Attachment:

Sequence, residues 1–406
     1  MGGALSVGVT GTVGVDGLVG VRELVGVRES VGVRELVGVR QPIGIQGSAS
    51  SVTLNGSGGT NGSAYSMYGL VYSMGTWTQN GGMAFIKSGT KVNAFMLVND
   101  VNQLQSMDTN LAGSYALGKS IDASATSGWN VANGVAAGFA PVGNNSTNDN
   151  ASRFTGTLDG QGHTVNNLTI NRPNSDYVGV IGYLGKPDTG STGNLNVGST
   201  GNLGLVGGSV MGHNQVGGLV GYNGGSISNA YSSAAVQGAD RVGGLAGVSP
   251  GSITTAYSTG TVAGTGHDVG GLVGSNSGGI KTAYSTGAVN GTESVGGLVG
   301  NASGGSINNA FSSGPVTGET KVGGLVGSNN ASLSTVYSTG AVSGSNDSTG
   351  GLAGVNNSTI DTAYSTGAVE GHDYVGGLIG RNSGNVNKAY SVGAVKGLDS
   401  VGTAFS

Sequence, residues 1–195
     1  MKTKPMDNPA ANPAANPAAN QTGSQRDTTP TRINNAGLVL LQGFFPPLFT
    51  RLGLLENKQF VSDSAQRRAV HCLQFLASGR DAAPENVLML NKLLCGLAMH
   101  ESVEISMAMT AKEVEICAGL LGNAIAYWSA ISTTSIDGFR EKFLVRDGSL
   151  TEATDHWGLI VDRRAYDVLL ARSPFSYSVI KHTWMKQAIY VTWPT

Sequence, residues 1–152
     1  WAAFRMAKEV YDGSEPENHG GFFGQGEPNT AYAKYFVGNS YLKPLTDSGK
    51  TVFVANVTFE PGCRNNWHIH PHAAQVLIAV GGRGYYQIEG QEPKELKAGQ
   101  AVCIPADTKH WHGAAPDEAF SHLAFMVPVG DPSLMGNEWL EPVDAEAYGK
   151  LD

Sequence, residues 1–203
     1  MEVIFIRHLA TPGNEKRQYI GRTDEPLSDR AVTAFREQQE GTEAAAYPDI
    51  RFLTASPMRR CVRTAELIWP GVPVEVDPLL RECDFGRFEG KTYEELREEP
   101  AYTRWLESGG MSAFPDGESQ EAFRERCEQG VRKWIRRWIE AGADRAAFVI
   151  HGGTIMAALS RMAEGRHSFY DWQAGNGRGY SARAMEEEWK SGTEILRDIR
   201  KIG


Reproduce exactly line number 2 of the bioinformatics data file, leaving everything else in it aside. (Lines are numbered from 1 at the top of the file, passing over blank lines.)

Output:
     1  MGGALSVGVT GTVGVDGLVG VRELVGVRES VGVRELVGVR QPIGIQGSAS